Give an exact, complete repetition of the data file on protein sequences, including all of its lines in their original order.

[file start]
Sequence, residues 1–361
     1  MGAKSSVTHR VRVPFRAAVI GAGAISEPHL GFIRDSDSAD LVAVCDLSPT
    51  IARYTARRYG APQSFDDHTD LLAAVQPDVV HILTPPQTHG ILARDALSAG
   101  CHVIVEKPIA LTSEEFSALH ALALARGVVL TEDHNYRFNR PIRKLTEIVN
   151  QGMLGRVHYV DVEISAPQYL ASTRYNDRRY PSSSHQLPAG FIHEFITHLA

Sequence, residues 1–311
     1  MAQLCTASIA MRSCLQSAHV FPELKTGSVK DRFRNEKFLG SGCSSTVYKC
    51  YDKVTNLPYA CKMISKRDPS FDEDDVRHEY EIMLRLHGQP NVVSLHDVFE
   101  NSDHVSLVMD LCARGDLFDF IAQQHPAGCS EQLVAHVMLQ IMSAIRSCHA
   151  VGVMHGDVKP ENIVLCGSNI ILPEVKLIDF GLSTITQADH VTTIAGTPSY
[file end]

Sequence, residues 1–361
     1  MGAKSSVTHR VRVPFRAAVI GAGAISEPHL GFIRDSDSAD LVAVCDLSPT
    51  IARYTARRYG APQSFDDHTD LLAAVQPDVV HILTPPQTHG ILARDALSAG
   101  CHVIVEKPIA LTSEEFSALH ALALARGVVL TEDHNYRFNR PIRKLTEIVN
   151  QGMLGRVHYV DVEISAPQYL ASTRYNDRRY PSSSHQLPAG FIHEFITHLA

Sequence, residues 1–311
     1  MAQLCTASIA MRSCLQSAHV FPELKTGSVK DRFRNEKFLG SGCSSTVYKC
    51  YDKVTNLPYA CKMISKRDPS FDEDDVRHEY EIMLRLHGQP NVVSLHDVFE
   101  NSDHVSLVMD LCARGDLFDF IAQQHPAGCS EQLVAHVMLQ IMSAIRSCHA
   151  VGVMHGDVKP ENIVLCGSNI ILPEVKLIDF GLSTITQADH VTTIAGTPSY